California to vote on solar-for-all-new-homes rule

Faith Castro
May 10, 2018

"This is a landmark vote today", said David Hochschild, one of CEC's five commissioners who unanimously approved the measure that was part of a revision to California's Building Efficiency Standards, which are updated every three years.

Just 9 percent of single-family detached homes in the state of 39.5 million people now have solar panels, according to a 2017 U.S. Department of Energy report the Energy Commission cited. The price of solar has dropped dramatically in recent years.

The approved requirement is expected to give a strong lift to California's already hot solar market. It came despite estimates it would raise the up-front cost of a new home by almost $10,000 in one of the most expensive parts of the country. They would still have to draw some of their electricity from the power grid.

"This is going to be an important step forward for our state to continue to lead the clean energy economy", said Kelly Knutsen, director of technology advancement for the California Solar and Storage Association.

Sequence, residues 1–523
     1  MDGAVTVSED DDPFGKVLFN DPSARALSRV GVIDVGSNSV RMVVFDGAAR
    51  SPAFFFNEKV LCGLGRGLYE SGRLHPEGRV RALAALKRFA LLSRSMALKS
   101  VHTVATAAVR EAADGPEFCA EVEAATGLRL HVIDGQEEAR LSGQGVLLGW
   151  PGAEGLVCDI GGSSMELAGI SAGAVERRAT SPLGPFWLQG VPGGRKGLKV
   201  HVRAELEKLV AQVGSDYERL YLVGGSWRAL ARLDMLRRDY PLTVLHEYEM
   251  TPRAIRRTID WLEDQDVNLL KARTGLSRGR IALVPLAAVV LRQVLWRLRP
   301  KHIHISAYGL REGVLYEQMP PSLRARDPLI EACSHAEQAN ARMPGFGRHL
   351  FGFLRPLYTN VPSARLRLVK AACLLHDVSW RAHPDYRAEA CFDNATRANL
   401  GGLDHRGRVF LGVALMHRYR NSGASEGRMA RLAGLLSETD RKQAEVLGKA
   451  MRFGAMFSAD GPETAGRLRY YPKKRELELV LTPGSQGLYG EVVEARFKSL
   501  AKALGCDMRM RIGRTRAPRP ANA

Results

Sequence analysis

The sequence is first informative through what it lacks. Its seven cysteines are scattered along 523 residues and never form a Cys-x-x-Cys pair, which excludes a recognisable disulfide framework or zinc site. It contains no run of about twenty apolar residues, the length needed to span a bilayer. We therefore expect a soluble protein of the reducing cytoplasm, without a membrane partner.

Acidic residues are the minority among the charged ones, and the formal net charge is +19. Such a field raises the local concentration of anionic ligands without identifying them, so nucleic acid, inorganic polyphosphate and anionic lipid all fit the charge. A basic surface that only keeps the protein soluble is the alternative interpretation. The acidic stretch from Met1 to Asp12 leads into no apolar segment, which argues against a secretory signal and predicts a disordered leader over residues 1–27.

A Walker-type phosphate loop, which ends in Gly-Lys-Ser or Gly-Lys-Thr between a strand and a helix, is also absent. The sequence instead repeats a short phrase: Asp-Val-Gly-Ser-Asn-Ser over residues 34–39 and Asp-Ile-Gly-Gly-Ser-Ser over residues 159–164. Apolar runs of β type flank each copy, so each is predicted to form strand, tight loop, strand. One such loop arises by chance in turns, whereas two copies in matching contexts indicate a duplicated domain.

"We can not let Californians be in homes that are essentially the residential equivalent of gas guzzlers", Commissioner David Hochschild said ahead of the vote.

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Representatives of the construction, utility and solar industries all helped develop the new standard, and no industry groups spoke in opposition Wednesday. In all, the new residential requirements are expected to make a single-family house $9,500 more expensive to build on average, but save $19,000 in reduced utility bills over a 30-year period, according to the Energy Commission.

Lynn Jurich, co-founder of solar installation company Sunrun, told the New York Times that large market expansions like this make it "very cost effective to do". The mandate could require between 68 and 241 MW of annual distributed solar buildout, according to ClearView Energy Partners' research using 2017 data.

For more than a decade, the commission has been operating under goals that would provide "net-zero" energy for new residents by 2020 and for new commercial buildings a decade later.

"You can have a third party come in and install and maintain those solar panels", he says, "so they end up paying for themselves over time".

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